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Tuesday, October 28, 2008

Fantastic Feedback

All feedback is me! I love it when people stand in front of a painting and say, I really don't like that... providing they tell me why, of course... though sometimes it's just a question of personal taste. But I feel complimented, nonetheless. Art is usually intended to produce strong least, mine certainly is. And I don't know about you, but deathly silence after a post makes me wonder what I did wrong. Usually, the answer is, nothing at all... it's just that people are busy with their lives, and they read the blog, or whatever, and they continue with the rest of their day...
Occasionally, though, someone reaches out and says something. I got a lovely email yesterday from someone who bought the Lovely Lutradur E book. Margie lives in South Africa; I'd never sent anything to South Africa before, and was a bit concerned that it would arrive. It did, of course, and she told me (and I quote, with her permission);
Many thanks for the CD. It arrived this morning!!

It is GREAT !!!!!!!!!!!!!! Inspiring and wonderful!!! Thank you, thank you,
thank you!!!!

Just what the doctor ordered!!

Keep well and good luck with your new book!

I'm a very happy chicken. It's bad enough with a blog, but with a book, you spend a great deal of time making it as good as you can. It's great when someone really enjoys it, and lets you know! Thanks, Margie. And if you'd like to see what she's so enthusiastic about, click here!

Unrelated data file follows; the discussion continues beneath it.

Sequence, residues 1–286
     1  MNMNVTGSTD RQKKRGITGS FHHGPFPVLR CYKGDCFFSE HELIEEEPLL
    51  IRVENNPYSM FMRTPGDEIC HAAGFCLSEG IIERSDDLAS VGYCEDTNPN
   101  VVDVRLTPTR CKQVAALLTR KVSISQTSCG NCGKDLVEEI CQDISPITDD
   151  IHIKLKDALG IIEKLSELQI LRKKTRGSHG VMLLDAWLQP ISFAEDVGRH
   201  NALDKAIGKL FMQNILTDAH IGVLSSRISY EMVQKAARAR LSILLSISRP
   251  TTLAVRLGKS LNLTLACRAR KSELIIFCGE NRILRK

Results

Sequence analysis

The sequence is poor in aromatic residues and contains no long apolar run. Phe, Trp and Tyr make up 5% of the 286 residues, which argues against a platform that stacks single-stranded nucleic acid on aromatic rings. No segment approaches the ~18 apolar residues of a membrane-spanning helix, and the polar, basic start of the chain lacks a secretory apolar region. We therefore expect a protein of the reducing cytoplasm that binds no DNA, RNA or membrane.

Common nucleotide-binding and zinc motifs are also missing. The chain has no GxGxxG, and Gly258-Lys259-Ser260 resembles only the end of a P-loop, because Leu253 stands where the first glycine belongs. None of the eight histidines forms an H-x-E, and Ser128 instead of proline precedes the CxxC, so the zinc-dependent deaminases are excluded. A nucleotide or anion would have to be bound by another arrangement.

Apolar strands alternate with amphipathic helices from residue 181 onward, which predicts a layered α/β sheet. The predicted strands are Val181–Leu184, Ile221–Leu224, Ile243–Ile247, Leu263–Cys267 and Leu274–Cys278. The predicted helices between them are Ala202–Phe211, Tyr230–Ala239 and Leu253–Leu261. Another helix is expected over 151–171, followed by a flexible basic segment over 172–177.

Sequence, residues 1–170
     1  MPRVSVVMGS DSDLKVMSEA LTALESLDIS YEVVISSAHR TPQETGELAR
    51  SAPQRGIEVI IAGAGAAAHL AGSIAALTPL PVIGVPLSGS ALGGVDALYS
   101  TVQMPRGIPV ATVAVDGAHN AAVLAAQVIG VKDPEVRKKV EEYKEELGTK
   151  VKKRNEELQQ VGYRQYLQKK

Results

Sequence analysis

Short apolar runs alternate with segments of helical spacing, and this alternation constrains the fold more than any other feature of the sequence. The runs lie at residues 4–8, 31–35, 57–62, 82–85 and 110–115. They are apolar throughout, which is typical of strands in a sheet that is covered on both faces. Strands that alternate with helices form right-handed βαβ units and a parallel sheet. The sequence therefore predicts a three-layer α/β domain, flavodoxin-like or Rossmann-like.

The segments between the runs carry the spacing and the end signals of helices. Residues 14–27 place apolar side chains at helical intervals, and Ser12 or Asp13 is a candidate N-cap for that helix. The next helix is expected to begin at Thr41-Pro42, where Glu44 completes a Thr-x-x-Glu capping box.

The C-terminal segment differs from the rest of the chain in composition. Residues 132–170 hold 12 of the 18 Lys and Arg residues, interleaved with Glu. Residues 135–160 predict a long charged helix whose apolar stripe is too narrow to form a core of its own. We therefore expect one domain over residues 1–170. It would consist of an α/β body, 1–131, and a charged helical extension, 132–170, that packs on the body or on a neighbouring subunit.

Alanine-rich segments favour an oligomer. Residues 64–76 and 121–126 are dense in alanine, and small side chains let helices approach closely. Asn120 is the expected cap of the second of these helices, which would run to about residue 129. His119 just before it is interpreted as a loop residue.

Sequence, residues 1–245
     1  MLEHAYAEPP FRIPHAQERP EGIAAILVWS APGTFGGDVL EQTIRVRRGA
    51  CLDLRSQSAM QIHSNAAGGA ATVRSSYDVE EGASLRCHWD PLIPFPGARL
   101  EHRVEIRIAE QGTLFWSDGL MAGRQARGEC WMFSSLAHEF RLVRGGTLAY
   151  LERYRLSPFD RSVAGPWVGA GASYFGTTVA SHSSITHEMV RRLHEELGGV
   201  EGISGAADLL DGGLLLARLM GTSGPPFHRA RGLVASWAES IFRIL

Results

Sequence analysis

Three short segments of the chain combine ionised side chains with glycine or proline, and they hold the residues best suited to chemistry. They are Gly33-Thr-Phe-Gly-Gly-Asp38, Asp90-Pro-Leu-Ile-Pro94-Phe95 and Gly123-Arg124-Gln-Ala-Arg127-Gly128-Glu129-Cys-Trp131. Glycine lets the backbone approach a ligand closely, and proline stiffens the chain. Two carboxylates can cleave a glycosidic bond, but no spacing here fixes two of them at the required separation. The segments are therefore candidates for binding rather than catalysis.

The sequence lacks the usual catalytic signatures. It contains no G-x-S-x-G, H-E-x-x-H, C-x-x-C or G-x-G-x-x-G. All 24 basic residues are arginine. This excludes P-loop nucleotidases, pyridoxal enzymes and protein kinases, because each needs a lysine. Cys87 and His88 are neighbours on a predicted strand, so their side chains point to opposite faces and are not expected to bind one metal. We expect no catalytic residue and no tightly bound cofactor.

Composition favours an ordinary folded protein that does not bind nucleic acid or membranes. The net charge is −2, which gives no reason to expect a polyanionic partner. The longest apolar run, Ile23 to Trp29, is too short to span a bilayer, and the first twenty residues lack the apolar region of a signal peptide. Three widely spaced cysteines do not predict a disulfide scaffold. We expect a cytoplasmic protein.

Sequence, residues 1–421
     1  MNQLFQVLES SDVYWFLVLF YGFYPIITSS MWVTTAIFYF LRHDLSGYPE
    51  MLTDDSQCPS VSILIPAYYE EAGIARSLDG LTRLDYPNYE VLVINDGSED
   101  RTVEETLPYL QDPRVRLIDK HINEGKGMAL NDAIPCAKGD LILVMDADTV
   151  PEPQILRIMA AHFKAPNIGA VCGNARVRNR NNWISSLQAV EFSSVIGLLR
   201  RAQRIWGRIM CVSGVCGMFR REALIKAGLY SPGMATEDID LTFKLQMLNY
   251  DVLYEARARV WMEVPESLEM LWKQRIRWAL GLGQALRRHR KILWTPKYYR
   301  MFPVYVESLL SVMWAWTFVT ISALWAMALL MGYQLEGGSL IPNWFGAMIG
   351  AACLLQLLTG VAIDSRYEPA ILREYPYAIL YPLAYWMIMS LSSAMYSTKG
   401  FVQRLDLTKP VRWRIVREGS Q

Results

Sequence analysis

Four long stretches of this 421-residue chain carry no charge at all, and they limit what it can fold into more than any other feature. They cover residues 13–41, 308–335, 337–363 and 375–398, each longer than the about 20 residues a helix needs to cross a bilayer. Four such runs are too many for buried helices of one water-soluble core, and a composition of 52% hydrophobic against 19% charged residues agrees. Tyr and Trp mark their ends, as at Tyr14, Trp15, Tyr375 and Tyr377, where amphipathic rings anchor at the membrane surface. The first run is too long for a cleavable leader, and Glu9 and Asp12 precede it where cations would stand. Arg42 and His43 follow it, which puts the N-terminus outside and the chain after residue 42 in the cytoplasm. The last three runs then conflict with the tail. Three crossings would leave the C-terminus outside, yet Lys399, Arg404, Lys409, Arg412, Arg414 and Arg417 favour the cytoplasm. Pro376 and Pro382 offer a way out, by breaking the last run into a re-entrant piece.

The image is a detail of 'Curvilinear', which you can find here

I was at a concert on Sunday night, six emerging bands playing in the semi finals of a competition. Afterwards, I took a leaf from my own book, and told the sound engineer that I thought he had done a great job. He did, too. He made sure that all six bands sounded as good as he could make them. Could you give someone some feedback today? Go on, you know you want to! Make someone's day.

Wednesday, October 22, 2008

Forward Planning

Things are hectic at present; exhibition opening on Friday, busy writing a new book, Etsy, a new shop to set up at Ehive... I don't really know where to turn. Rather than dive in, though, I've decided to take time out to breathe a little, and to create a forward plan. I'm going to go find a wall planner, and chart the next year or so, what needs to be done, when, and by whom (usually me, you understand, but occasionally I can delegate to Robin...). I like taking the longer view, sometimes. It's important to see where you're going in the longer term, remembering where you are likely to be busy, like around holidays, and when not... it means you can plan your time better. So that's how I'll spend the rest of my morning.

But in the afternoon.... I'm going to play in the shed! Can't be grown up all the time...

Monday, October 20, 2008

What Are You Doing Today?

Good question. I've had several people on the phone today, and they've all asked me that, expecting, I think, to hear that I'm painting. I wish. Instead, I've been on the computer most of the (somewhat chilly) day, emailing invites to the private view of my upcoming exhibition, filling in forms for said exhibition, talking to people about a potential new project, wondering what to include in my new UK online shop, packing CDs ready to send away. Anything, in fact, other than painting or sewing. Did I mention keeping the books up to date? Hard sums just aren't my thing, but needs must when the devil drives, or, in this case, expects you to complete a tax return. Sigh.